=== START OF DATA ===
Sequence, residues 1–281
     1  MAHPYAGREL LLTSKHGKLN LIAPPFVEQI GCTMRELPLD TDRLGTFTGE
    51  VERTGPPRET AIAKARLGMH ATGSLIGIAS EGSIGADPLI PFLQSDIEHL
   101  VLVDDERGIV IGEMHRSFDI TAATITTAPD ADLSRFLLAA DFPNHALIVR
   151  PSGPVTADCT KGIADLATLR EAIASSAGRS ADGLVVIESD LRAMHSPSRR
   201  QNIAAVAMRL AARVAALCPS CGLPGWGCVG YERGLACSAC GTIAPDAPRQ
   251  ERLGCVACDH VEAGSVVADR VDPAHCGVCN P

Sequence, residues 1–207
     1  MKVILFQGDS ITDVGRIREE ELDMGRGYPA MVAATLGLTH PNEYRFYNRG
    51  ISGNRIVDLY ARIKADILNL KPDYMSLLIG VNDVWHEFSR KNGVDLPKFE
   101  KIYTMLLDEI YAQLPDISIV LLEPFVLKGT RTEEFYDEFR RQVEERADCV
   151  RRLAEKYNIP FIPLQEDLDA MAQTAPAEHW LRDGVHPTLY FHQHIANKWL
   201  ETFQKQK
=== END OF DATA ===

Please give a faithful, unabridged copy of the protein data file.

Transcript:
Sequence, residues 1–281
     1  MAHPYAGREL LLTSKHGKLN LIAPPFVEQI GCTMRELPLD TDRLGTFTGE
    51  VERTGPPRET AIAKARLGMH ATGSLIGIAS EGSIGADPLI PFLQSDIEHL
   101  VLVDDERGIV IGEMHRSFDI TAATITTAPD ADLSRFLLAA DFPNHALIVR
   151  PSGPVTADCT KGIADLATLR EAIASSAGRS ADGLVVIESD LRAMHSPSRR
   201  QNIAAVAMRL AARVAALCPS CGLPGWGCVG YERGLACSAC GTIAPDAPRQ
   251  ERLGCVACDH VEAGSVVADR VDPAHCGVCN P

Sequence, residues 1–207
     1  MKVILFQGDS ITDVGRIREE ELDMGRGYPA MVAATLGLTH PNEYRFYNRG
    51  ISGNRIVDLY ARIKADILNL KPDYMSLLIG VNDVWHEFSR KNGVDLPKFE
   101  KIYTMLLDEI YAQLPDISIV LLEPFVLKGT RTEEFYDEFR RQVEERADCV
   151  RRLAEKYNIP FIPLQEDLDA MAQTAPAEHW LRDGVHPTLY FHQHIANKWL
   201  ETFQKQK